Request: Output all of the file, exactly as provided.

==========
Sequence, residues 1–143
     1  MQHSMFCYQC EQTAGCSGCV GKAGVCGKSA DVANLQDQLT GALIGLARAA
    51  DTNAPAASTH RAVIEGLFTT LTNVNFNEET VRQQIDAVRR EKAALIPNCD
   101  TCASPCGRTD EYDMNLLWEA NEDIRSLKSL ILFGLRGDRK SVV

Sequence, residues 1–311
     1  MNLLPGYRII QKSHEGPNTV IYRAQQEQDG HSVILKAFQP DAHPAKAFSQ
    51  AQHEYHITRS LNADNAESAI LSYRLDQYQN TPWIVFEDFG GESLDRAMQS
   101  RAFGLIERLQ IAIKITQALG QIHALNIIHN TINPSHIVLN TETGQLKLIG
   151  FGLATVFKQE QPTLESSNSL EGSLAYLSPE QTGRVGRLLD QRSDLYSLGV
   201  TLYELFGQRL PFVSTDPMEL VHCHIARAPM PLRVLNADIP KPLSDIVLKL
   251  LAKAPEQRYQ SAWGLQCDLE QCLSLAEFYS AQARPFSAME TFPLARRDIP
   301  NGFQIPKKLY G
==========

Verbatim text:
Sequence, residues 1–143
     1  MQHSMFCYQC EQTAGCSGCV GKAGVCGKSA DVANLQDQLT GALIGLARAA
    51  DTNAPAASTH RAVIEGLFTT LTNVNFNEET VRQQIDAVRR EKAALIPNCD
   101  TCASPCGRTD EYDMNLLWEA NEDIRSLKSL ILFGLRGDRK SVV

Sequence, residues 1–311
     1  MNLLPGYRII QKSHEGPNTV IYRAQQEQDG HSVILKAFQP DAHPAKAFSQ
    51  AQHEYHITRS LNADNAESAI LSYRLDQYQN TPWIVFEDFG GESLDRAMQS
   101  RAFGLIERLQ IAIKITQALG QIHALNIIHN TINPSHIVLN TETGQLKLIG
   151  FGLATVFKQE QPTLESSNSL EGSLAYLSPE QTGRVGRLLD QRSDLYSLGV
   201  TLYELFGQRL PFVSTDPMEL VHCHIARAPM PLRVLNADIP KPLSDIVLKL
   251  LAKAPEQRYQ SAWGLQCDLE QCLSLAEFYS AQARPFSAME TFPLARRDIP
   301  NGFQIPKKLY G